Don’t let the world’s poor understanding of suffering and loss prevent you from processing your feelings in the healthy way that God intended you to. Contrary to what the world may tell you, grieving isn’t a sign of weakness. It’s a sign of strength and spiritual and emotional maturity. It takes courage to look your feelings in the face and actually deal with them.
My prayer for you is that you would give yourself time and space to heal. Be kind and patient with yourself. Turn your eyes away from how the world responds to suffering and look to Jesus Christ as your example. When Jesus discovered his best friend, Lazarus died one of the very first things he did was weep. Jesus wept (John 11:35). He mourned with his friends and family. Upon hearing that His cousin John the Baptist was murdered we learn that Jesus withdrew to a quiet place (Matthew 14:13). We don't for how long, but one thing is for sure is this: if the Jesus Christ, the Perfect God-man needed time away to mourn the loss of His friends, than we need to give ourselves the grace to process our loss, without judgment and without expectations.
When you grieve it is my prayer is that you do not grieve without hope. Can hope and grief co-exist? If you’re a child of God, than absolutely they do. You can grieve with hope knowing that God is close to the brokenhearted and saves those who are crushed in spirit (Psalm 34:18). You can grieve with hope knowing that you are not alone and God will strengthen you and uphold you with his right hand (Is. 41:10). You can grieve with hope knowing that God heals the brokenhearted and binds up their wounds (Psalm 147:3). You can grieve with hope knowing that nothing can separate you from the love of God-no death, no loss, no fear-nothing (Romans 8:28-29). We can grieve with hope knowing that you can cast all of your cares and anxieties on the Lord and He promises to sustain you (Psalm 55:22). You can grieve with hope knowing that one day Christ will return and he will wipe every tear from your eyes and there will be no more mourning and no more crying (Revelation 21:4).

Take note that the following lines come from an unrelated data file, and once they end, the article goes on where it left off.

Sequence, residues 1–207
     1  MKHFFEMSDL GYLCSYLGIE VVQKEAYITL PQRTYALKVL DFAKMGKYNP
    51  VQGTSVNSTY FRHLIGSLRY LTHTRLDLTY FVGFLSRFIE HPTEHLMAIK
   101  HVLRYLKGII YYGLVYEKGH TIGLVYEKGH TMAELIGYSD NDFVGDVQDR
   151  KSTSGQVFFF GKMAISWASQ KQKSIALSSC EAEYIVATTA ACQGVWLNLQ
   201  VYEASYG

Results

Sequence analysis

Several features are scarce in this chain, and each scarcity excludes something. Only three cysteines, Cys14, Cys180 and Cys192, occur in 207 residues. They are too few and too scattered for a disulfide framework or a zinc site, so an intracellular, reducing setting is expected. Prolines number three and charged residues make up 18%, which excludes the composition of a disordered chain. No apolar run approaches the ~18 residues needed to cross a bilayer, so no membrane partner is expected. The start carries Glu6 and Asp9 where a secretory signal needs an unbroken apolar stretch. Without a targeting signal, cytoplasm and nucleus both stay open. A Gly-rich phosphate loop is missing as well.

After our miscarriage I felt like I was drowning in a sea of darkness. Obbie would come home from church and our sheets would be soaked with my tears. I was angry, bitter and depressed. But, God did not leave me alone in my despair. He pulled me out of the pit and gave my heart a reason to hope. “You turned my wailing into dancing; you removed my sackcloth and clothed me with joy, that my heart may sing your praises and not be silent (Psalm 30:11) For me healing came when I stopped putting my hope in a positive pregnancy test and instead fixed my eyes on Christ and His promises that were true for me even when I couldn’t make it out of the bed. Friend, you may feel hopeless in your loss. You may be angry. You may feel like you are drowning in a sea of darkness. But, remember this: God isn’t scared away by any of your big emotions. He understands every single one of them. He is with you. He is keeping you under His wings and His love will never let you go.